Last Night: Balkan Beat Box at Showbox at the Market

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Miao Wang
Balkan Beat Box
Say what you will about hippies, but last night's Balkan Beat Box show was one of the most entertaining, high-energy shows I've witnessed in a long while, and I owe it all to hippies.

Wherever you go-- but especially in a hipster town like Seattle-- it's fashionable to make fun of hippies. Body odor jokes, jam band jokes...I've heard 'em all, and yet, after last night, I've decided that I would much rather suffer through a little bit of B.O. and have a good time than stand around watching some generic indie rock band with hygiene-obsessed hipsters who are too worried about how they'll look (or smell) to uncross their arms and cut loose.

That said, while there were a lot of dreads, hemp necklaces, jingly anklets and flow-y skirts in the building, it wasn't all granola-eaters, it wasn't all twenty-somethings, and it wasn't all bros, either. I saw all sorts of people, from tatted-up rockabilly girls to a spiffed-up guy in a suit, from young high school-age kids lighting up to couples old enough to be my parents. Balkan Beat Box's appeal is as universal as its sound is international. Something about that combination of klezmer and Jamaican dancehall inspires people all over the map to put away their hang-ups and unite in the name of rhythm. And while lyrics are sort of tangential in Balkan Beat Box's music-- if you're not too busy dancing to hear the words, you're not really there-- but that theme is present in almost every single one of their songs.

Balkan Beat Box put out enough energy to light up half the city, and the crowd provided the other half, unquestioningly obeying the commands of BBB's charismatic MC, Tomer Yosef. When he said "Shake your assses!," the moneymakers jiggled. When he said, "jump", the floor bounced like I was standing on a trampoline. And when he introduced a song by screaming, "This is for peace!" , the peace signs went up like lighters at a Guns 'N Roses concert during the opening bars of "November Rain." But it didn't feel contrived or hollow. The feeling of goodwill in the room was as perceptible as the strong cologne the guy behind me was wearing, or the smell wafting from the armpits of the tripping blonde hippie guy dancing by himself in the corner near the ladies bathroom.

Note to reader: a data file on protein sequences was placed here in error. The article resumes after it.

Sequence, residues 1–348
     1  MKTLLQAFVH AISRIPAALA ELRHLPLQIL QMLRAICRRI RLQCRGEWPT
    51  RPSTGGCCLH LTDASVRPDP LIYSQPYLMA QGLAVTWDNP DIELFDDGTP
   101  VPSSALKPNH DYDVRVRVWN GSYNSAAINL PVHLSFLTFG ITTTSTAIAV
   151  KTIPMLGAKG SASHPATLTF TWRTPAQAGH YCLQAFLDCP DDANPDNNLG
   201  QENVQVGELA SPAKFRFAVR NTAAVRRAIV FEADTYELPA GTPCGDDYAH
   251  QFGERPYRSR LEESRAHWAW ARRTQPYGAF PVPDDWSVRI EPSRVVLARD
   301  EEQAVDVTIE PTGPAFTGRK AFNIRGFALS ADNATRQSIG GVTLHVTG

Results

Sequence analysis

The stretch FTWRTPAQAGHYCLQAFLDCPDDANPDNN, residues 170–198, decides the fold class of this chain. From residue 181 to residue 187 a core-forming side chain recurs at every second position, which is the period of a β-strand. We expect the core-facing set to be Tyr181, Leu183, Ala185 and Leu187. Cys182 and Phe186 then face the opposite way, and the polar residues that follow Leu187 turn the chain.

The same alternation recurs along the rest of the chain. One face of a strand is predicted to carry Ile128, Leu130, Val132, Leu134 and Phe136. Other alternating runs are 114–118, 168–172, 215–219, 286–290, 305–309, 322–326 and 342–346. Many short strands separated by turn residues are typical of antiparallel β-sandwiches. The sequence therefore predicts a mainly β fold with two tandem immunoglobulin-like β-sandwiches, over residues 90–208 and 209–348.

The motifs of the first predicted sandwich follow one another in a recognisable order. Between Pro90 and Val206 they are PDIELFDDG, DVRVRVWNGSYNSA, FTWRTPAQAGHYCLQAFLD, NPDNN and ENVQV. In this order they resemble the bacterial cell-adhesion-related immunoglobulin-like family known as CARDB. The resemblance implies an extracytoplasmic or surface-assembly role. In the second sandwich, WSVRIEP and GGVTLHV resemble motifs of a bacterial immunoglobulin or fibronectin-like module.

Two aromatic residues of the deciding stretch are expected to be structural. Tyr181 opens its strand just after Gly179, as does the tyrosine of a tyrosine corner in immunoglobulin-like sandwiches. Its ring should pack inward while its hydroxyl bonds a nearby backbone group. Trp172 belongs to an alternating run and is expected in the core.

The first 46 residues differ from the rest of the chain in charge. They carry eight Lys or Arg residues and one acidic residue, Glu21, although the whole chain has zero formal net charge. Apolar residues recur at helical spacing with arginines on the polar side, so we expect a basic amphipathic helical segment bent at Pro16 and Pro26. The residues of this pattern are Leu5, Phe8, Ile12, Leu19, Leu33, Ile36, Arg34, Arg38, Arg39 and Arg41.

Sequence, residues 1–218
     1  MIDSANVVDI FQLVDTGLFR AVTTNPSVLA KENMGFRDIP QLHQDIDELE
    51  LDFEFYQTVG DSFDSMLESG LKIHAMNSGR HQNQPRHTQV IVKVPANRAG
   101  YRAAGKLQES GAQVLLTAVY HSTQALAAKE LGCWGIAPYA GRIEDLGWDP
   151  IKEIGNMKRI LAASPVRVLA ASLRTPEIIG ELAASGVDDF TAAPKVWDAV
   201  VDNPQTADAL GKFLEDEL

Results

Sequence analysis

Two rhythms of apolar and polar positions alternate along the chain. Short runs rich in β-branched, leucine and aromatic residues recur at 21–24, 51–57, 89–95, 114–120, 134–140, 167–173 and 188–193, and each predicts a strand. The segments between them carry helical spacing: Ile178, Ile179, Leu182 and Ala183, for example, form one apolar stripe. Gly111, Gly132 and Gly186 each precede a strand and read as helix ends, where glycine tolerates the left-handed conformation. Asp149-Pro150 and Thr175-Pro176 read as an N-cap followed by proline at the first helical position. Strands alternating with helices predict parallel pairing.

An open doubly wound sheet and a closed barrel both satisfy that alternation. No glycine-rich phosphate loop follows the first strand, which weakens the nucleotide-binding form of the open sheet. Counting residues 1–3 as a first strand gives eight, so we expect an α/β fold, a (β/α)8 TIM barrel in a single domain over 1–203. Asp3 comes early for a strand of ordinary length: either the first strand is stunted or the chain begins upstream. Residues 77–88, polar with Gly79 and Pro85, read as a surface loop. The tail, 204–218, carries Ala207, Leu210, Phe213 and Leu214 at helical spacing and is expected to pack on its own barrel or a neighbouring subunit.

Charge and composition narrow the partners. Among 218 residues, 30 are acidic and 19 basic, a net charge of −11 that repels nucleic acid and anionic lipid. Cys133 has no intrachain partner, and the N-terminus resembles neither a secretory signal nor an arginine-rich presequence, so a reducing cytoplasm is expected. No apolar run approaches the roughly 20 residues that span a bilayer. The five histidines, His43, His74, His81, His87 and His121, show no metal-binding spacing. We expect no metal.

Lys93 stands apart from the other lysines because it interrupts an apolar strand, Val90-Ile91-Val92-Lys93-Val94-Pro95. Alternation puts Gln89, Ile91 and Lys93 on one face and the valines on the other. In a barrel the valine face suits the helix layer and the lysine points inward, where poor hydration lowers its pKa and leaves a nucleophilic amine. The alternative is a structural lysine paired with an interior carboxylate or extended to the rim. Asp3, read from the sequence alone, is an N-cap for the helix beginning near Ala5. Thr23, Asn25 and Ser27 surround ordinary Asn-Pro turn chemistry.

The band finished up the 90-minute set by backing off to let a good fifty people onstage to dance, and the (mostly female) dancers were all I could see, because in a sweet show of humility, the band moved back to give them room. And as I left the show, I realized that I can no longer continue to deny my granola roots. I grew up with a dad who took me to Burning Man three times and a stepmom who took me to get my palm read when I was 10. I like camping and have no problem going three days without a shower. I own hemp shoes. I don't eat meat. I have a garden. I believe in marijuana and psychedelic drugs. I contemplated getting dreads for about five minutes. I was obsessed with Jim Morrison in high school. I went to college in Eugene, which is arguably the crunchiest town in America. And if forced to make the choice, I would rather listen to Dave Matthews or Phish than Faith No More or Metallica.

So there it is. I'm a hippie. Maybe not a total jam-band loving hippie caricature who wears hemp necklaces and listens to bands with names like Blue Turtle Seduction. But a hippie, nonetheless. And I'd rather party with hippies than stand around at some generic indie rock show with bored-looking hipsters who'd rather make snide comments about what everyone else is wearing than pay attention.

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